Thursday, Sep 2, 2010 6:50 PM UTC

The Discovery Channel gunman hated “Jon & Kate” too

James Jay Lee's act was fueled by disdain for baby reality programming. Clearly he didn't get the shows' message

Discovery Channel Gunman

In this image released by the Montgomery County Police, James J. Lee is seen is a booking mugshot from 2008 on disorderly conduct. Lee, 43, a gunman with what police described as "concerns" with the Discovery Channel networks took at least one person hostage in the company's Silver Spring, Md., headquarters Wednesday, Spet. 1, 2010. A law enforcement official speaking on condition of anonymity because the investigation is ongoing said authorities have identified Lee as the likely suspect. (AP Photo/Montgomery County (Md.) Police)  (Credit: AP)

Yesterday, a crazed gunman wearing explosives took control of the Discovery Channel building in Silver Spring, Md. Online, you can read his manifesto, as well as dozens of message board posts, especially here, in which he rants about Discovery’s programming. Why did he single out Discovery, of all the innocuous cable channels? Who knows: He’s a crazed gunman. But the reams of screeds and ALL CAPS RANTING can be summed up in one demand: Get those baby reality shows off the air!

I covered yesterday‘s hostage-taking, and once edited a story about a woman’s addiction to TLC’s baby programming, so it was fascinating to see soft-focus baby world and national crime come together in one messy, scary afternoon in Maryland. The siege ended with some shaken-up but unharmed eco-conscious employees and one dead gunman, James Jay Lee. Lee was shot by a police sniper when he reportedly raised his handgun to a hostage.

Lee (who, it must be said, bears an unfortunate resemblance to Jon of “Jon & Kate Plus 8″) had been staging confusing and poorly attended “Save the Planet” protests in front of the Discovery building for years. He was arrested in 2008 for flinging a bag of money around and causing a mini-riot. Ultimately, he was motivated not just by an obsession with Malthus but by the cable channel’s longtime commitment to shows like “A Baby Story,” “Babies: Special Delivery,” “House of Babies” and, of course, “Babies, Babies.”

On his list of demands, Lee’s No. 2 was: “All programs on Discovery Health-TLC must stop encouraging the birth of any more parasitic human infants and the false heroics behind those actions. In those programs’ places, programs encouraging human sterilization and infertility must be pushed. All former pro-birth programs must now push in the direction of stopping human birth, not encouraging it.” No. 10 was: “Stop all shows glorifying human birthing on all your channels and on TLC.”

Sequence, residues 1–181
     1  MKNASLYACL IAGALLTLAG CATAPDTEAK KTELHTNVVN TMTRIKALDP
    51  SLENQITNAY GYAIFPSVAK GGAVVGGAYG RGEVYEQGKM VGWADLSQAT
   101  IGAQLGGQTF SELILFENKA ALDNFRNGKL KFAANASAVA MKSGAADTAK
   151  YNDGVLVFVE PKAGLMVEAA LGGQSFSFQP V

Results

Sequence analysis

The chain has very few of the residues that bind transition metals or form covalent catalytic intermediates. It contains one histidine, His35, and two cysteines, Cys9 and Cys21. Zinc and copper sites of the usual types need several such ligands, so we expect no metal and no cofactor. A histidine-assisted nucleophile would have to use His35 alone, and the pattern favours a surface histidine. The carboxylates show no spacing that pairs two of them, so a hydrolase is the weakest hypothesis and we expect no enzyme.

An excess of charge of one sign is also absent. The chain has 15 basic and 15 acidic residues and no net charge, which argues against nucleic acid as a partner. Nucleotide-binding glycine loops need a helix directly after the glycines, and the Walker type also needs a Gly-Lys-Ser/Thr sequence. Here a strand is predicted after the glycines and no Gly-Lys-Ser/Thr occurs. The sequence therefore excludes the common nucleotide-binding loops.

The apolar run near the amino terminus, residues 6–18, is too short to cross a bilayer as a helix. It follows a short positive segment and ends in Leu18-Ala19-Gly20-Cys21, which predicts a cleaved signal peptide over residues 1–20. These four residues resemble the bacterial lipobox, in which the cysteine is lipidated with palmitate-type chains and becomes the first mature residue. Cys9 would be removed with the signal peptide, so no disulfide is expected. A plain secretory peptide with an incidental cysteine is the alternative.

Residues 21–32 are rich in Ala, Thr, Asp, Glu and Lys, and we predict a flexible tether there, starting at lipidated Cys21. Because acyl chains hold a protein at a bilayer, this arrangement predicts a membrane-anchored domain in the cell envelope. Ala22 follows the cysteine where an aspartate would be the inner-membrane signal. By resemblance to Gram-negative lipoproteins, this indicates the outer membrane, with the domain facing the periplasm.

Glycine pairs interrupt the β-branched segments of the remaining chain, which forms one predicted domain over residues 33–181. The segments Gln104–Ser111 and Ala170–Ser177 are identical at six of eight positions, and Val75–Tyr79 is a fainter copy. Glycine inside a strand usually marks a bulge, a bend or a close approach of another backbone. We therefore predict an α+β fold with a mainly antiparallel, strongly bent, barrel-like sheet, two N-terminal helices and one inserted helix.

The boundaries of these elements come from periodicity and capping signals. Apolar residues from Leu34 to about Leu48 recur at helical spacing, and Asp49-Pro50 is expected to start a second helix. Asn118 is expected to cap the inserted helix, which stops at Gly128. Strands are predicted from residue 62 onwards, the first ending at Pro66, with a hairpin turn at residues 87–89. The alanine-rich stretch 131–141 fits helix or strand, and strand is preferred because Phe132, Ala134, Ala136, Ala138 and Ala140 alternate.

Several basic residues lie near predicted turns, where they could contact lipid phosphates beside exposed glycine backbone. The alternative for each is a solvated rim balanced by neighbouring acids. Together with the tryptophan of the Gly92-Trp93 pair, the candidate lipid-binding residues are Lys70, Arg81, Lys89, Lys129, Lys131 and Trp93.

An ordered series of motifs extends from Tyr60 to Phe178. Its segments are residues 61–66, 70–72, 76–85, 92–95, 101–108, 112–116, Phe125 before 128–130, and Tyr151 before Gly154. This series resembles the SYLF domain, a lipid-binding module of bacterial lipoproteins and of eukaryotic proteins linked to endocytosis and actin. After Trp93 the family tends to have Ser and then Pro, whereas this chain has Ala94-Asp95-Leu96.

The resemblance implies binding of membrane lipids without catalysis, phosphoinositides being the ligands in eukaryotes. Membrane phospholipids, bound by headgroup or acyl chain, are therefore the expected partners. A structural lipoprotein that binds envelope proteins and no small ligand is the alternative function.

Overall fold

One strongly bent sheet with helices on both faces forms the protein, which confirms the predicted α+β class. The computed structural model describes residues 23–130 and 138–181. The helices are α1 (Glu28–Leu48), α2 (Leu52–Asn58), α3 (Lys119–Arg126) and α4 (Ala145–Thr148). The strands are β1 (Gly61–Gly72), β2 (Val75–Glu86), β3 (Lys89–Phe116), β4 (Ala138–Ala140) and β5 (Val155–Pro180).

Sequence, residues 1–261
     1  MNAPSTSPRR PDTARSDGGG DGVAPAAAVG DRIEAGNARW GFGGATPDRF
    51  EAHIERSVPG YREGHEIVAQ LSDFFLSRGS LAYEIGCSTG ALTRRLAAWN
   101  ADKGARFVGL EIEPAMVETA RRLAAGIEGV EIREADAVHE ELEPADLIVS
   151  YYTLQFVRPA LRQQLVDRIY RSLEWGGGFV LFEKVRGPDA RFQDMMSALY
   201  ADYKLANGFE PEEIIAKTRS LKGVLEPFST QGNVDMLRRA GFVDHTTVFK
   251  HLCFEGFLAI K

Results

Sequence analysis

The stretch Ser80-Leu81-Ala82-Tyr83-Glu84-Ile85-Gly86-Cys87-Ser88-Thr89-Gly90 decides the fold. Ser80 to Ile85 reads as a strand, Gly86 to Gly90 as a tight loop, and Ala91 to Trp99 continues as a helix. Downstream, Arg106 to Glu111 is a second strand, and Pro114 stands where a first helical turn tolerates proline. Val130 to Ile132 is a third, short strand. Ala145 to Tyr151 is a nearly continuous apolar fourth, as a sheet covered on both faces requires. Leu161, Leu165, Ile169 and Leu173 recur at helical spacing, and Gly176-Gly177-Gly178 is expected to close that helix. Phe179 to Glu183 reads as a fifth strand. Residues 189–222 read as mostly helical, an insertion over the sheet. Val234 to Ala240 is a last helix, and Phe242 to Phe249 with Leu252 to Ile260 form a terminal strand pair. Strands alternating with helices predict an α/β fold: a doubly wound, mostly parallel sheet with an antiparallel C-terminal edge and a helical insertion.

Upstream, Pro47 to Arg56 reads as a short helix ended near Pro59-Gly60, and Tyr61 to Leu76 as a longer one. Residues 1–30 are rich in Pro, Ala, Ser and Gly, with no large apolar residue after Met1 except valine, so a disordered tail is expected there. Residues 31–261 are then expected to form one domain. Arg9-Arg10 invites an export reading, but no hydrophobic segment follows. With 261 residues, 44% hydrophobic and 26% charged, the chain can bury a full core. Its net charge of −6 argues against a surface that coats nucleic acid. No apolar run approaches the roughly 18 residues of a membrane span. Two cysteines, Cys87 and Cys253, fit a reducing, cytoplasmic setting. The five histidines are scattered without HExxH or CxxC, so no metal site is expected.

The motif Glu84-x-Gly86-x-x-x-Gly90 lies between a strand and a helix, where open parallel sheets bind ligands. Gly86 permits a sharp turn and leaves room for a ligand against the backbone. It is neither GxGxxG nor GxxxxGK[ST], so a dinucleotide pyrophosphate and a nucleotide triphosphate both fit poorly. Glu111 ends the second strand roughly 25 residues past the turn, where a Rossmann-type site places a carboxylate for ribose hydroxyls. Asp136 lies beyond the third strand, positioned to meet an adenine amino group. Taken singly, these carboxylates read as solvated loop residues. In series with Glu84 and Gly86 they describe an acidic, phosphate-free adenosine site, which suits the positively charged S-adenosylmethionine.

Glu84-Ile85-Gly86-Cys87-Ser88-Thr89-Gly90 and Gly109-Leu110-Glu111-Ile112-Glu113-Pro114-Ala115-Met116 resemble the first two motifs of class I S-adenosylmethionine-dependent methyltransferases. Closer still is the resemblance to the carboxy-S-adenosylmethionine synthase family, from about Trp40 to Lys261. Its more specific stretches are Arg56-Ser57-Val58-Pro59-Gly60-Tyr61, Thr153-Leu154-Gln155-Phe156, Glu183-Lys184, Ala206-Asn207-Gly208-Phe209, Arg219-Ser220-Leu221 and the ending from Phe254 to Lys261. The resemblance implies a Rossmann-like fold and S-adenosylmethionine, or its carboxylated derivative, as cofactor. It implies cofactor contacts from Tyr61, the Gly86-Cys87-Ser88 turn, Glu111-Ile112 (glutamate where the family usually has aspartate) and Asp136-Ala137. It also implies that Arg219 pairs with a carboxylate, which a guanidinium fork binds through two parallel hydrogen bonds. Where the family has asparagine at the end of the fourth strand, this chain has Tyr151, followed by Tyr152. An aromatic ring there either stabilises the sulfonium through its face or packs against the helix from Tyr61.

Obviously, Lee was a lunatic, and in spite of his copious writings about overpopulation and immigration and Discovery’s weapons shows, no one really knew exactly what he was talking about. But if you spend hours reading his diatribes (as I did yesterday) you can see that his central preoccupation was that babies are an abomination. He took issue with Discovery’s seeming celebration of fertility, as on shows like the Duggars’ “19 Kids and Counting.” (He seems to have missed the point of watching those multiples shows, which is not to envy but to gawk.)

What is true, though, is that those shows also make no sense whatsoever to people who have not been pregnant or been around pregnancy or babies. They seem scary and intense and cryptic. Also, gross.  Before I was pregnant I flipped by those shows a couple of times and was baffled by the panting and the drips and the obscure talk of “meconium.” Now that I’m four years post-childbirth, I am bored by those shows, as bored as I am by talk of required college courses, which I studied for, passed and forgot about long ago.

But in those months of pregnancy I found it hard to turn away. I was fascinated by how different each birth was, and each pregnancy. The women who seemed so calm and then fell apart with the first contraction. The seemingly neurotic who became eerily cool during transition. For those months, I was in on a cosmic mystery that was playing out on these shows. Maybe they were too melodramatic or sappy or lame, but they were talking about what I was thinking about. We understood each other.

Lee, as far as we know, did not have children. He found children repellent, because overpopulation threatened the animals. “Nothing is more important than saving them,” he wrote. “The Lions, Tigers, Giraffes, Elephants, Froggies, Turtles, Apes, Raccoons, Beetles, Ants, Sharks, Bears, and, of course, the Squirrels.” Of course, the squirrels!

So he didn’t get those TLC shows, and we didn’t get him. And in the end, the whole crazy showdown proved, reassuringly, that one maniac with an earmarked copy of Daniel Quinn’s “My Ishmael” is no match for the human desire to keep the species going. Lee is dead now. And babies are still being born every few minutes on TLC.